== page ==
Buyers Want Visibility And Control
What is clear from this report is that procurement officers are seeking to become more independent when it comes to making purchases – and this means that B2B suppliers need to update their websites and E-Procurement platforms to accommodate more self-service elements and robust search capabilities if they want to enable the transition from legacy, high-touch, high-cost methods.
A very telling statistic from the report shows that only 12% of buyers now want to meet in-person with a sales representative, and only 16% want to discuss their purchasing options over the phone. Suppliers therefore must seek to empower their customers with the ability to independently browse, research, compare, and purchase products online if they are to keep up with the current trends in E-Procurement.
The Forrester Report
The Aquity Group’s research is backed up by ‘The Forrester Wave’ E-Procurement report for 2014, which cites that sourcing professionals are seeking more visibility and control in their procurement efforts as a key takeaway: "More and more chief procurement officers (CPOs) are seeking global solutions for their procure-to-pay (P2P) processes so they can cut costs while saving employees’ time. ERP vendors have all improved their search-and-compare shopping front ends, but face strong competition from a new group of SaaS platforms and some established ePurchasing suites."
The main obstacle of obtaining this visibility and control, according to Forrester, lies in the low adoption E-Procurement software, which provides a system for the complete purchasing process for goods and services. "Low adoption of legacy procurement software is the main obstacle to getting this visibility and control. CPOs should therefore favor products with enticing shopping experiences and simple configurable approval workflows. They also need vendors with the vision and ability to combat the growing adoption threat from sell-side E-Commerce sites."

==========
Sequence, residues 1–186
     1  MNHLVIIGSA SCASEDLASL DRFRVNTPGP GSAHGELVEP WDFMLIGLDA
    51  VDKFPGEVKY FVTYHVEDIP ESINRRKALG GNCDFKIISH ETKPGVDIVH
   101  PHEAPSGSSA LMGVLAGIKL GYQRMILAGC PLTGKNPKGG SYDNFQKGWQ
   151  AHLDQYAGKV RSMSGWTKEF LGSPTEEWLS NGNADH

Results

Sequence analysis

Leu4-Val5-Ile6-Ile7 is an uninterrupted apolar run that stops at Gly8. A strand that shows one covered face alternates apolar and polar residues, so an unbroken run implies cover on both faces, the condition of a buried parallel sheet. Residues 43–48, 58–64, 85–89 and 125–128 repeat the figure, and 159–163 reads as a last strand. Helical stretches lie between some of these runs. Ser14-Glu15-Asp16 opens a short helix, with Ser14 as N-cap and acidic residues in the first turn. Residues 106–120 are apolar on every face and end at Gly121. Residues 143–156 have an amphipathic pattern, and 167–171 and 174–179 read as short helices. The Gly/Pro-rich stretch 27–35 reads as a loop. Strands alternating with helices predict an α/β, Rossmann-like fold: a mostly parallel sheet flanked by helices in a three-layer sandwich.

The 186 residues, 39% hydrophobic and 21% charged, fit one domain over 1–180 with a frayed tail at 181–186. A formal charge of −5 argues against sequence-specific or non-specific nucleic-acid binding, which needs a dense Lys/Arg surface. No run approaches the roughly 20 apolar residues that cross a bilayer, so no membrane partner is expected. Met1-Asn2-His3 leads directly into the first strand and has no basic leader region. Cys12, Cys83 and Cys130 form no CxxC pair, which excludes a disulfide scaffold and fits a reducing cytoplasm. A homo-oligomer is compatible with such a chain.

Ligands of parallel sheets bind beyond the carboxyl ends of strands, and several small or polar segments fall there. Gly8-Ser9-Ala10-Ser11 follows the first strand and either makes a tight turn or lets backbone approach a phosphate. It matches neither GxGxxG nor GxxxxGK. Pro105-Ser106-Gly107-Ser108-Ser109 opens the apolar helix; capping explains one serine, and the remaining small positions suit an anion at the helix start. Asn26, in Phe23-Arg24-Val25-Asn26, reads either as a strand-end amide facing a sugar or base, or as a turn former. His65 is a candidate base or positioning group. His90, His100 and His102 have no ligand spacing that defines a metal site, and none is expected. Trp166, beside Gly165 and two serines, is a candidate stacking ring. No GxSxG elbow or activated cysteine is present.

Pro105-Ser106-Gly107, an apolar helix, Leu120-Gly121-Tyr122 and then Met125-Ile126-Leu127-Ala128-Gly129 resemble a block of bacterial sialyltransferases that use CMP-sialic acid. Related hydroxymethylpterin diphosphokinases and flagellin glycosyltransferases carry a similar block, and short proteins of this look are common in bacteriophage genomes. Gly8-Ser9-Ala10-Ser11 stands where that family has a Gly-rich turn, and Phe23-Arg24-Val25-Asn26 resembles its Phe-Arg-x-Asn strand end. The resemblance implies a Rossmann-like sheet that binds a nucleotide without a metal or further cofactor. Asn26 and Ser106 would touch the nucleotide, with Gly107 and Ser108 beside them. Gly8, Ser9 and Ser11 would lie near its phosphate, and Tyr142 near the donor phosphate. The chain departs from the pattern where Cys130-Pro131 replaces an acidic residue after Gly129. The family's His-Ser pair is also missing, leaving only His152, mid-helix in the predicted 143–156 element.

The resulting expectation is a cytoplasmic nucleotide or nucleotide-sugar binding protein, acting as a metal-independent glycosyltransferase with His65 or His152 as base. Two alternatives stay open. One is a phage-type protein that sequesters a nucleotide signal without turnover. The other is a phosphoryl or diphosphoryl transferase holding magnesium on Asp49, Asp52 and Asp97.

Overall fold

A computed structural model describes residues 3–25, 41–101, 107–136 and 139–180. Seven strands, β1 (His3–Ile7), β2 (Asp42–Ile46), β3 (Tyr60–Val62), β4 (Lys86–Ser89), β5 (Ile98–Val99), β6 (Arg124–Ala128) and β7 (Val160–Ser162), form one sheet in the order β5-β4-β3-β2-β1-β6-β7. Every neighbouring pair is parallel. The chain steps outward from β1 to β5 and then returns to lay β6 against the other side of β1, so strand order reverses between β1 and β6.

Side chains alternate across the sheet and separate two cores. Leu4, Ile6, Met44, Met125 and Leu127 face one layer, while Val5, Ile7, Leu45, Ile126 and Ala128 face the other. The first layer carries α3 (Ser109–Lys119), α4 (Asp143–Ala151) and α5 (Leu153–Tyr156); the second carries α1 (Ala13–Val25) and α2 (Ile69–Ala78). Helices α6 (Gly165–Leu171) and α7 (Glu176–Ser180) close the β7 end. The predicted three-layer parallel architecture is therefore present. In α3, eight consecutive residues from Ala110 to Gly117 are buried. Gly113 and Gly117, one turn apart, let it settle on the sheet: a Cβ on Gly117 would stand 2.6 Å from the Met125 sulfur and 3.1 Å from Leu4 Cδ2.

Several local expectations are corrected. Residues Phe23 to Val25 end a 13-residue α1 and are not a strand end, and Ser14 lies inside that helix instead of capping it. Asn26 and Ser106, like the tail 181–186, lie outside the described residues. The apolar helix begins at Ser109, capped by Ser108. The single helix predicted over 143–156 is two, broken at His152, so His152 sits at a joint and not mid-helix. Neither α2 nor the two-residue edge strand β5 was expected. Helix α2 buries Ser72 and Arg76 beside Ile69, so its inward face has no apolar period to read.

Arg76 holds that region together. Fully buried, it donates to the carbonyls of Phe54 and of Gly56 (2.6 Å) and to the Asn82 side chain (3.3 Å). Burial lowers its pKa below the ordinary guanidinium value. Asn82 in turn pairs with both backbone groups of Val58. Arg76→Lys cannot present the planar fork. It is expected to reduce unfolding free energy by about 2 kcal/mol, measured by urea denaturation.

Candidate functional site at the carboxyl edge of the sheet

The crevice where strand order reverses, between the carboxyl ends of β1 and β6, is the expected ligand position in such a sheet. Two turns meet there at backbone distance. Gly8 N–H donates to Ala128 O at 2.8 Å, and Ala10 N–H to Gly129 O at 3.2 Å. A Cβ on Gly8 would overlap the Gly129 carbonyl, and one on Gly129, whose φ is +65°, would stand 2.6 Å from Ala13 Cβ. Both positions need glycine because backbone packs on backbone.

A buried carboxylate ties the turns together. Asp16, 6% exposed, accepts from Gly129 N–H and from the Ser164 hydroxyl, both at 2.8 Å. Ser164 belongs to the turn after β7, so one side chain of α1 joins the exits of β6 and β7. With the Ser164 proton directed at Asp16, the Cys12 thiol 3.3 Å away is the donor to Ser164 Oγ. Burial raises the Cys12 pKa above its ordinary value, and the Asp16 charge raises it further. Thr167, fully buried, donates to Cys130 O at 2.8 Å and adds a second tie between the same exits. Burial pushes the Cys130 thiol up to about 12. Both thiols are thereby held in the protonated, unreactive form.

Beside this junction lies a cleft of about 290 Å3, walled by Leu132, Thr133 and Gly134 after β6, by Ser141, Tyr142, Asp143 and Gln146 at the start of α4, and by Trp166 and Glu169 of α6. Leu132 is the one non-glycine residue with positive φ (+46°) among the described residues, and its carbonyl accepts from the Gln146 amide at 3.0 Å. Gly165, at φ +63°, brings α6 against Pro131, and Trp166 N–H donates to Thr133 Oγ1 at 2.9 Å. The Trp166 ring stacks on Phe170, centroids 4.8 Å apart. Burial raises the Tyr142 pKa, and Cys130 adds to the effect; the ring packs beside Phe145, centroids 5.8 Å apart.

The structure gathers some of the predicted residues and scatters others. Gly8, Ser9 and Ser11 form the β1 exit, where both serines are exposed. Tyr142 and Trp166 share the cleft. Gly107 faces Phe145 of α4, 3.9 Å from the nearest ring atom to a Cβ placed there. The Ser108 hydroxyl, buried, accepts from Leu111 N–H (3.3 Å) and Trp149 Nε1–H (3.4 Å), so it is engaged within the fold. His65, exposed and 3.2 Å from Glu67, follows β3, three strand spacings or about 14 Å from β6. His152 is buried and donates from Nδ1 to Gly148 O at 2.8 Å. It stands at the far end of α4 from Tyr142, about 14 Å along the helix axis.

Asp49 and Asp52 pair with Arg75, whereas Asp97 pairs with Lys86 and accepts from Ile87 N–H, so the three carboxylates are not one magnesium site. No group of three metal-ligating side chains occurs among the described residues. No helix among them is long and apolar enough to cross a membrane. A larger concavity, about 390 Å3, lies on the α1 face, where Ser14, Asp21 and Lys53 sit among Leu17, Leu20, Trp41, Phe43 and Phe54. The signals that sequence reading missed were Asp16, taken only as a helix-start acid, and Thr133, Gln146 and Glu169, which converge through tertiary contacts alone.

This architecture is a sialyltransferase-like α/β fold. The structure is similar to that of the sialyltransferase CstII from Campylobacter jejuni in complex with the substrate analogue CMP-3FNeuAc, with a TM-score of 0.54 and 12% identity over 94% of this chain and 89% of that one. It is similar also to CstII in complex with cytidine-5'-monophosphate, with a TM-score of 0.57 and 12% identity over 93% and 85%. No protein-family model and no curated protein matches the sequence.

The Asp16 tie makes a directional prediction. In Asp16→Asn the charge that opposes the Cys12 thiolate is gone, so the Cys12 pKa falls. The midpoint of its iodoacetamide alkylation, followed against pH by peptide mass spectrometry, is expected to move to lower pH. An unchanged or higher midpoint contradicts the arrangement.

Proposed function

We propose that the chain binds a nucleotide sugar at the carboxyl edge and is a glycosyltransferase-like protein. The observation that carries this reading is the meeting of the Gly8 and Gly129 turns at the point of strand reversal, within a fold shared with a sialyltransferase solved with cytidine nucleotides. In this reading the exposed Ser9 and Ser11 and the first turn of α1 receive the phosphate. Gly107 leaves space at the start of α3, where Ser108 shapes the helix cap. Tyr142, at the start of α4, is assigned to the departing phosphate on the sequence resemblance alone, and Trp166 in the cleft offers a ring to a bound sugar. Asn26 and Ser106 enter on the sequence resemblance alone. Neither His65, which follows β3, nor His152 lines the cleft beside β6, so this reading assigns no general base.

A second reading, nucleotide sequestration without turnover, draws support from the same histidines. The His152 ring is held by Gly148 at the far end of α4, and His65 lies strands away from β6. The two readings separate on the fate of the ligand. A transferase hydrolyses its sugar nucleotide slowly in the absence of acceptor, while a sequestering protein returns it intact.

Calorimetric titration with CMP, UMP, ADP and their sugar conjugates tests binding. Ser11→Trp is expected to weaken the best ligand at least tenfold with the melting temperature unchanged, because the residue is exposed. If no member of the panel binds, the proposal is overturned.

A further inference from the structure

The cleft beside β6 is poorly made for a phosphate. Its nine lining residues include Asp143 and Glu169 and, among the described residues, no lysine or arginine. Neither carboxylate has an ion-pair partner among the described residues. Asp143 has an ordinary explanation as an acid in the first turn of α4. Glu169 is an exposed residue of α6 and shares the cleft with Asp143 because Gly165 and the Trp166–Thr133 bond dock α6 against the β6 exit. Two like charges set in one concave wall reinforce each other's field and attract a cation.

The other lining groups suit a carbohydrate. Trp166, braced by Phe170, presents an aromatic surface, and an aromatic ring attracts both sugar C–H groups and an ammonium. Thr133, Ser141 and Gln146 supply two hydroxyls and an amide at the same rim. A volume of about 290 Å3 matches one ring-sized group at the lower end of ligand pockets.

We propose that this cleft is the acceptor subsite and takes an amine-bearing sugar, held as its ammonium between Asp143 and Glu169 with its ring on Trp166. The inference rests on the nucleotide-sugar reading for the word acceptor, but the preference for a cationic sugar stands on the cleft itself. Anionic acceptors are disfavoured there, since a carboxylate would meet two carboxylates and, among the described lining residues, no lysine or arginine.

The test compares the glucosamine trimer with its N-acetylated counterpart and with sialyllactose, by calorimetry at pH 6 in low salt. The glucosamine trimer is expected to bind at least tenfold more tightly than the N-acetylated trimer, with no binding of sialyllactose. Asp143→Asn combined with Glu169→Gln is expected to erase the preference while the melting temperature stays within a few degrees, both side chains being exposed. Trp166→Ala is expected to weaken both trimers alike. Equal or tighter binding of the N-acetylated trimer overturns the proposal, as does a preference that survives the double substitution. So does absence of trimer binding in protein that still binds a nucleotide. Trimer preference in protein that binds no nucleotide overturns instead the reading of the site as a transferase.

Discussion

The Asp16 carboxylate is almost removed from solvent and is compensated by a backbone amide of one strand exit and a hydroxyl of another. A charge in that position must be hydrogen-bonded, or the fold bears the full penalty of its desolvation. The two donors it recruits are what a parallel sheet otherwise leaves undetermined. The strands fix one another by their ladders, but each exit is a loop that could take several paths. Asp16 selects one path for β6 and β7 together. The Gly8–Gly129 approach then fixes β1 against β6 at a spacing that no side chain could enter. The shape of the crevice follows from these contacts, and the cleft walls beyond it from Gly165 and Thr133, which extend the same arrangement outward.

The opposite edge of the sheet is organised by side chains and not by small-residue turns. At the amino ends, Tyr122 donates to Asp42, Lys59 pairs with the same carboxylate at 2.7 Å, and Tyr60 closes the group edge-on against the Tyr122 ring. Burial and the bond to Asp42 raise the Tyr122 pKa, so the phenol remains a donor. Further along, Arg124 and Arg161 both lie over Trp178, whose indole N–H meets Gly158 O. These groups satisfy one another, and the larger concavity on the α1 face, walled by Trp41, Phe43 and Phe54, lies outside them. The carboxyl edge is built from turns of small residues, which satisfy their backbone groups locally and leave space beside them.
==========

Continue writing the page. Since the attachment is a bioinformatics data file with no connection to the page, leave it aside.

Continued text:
With an E-Procurement software solution, CPOs can set up systems whereby suppliers can be approved and contracts pre-negotiated, so that employees of a company can make direct purchases themselves quickly and efficiently, without being held up by the delays and inconveniences of requisition forms and the like.
Procurement, just as with so many other industries, is starting to find its future in the digital world, and, as such, it is important that both B2B suppliers and CPOs alike should be seeking to adapt to the changes in order to engage and capture the increasingly savvy electronic B2B buyers and sellers, and thus increase revenue through capitalizing on this new opportunity of digital growth.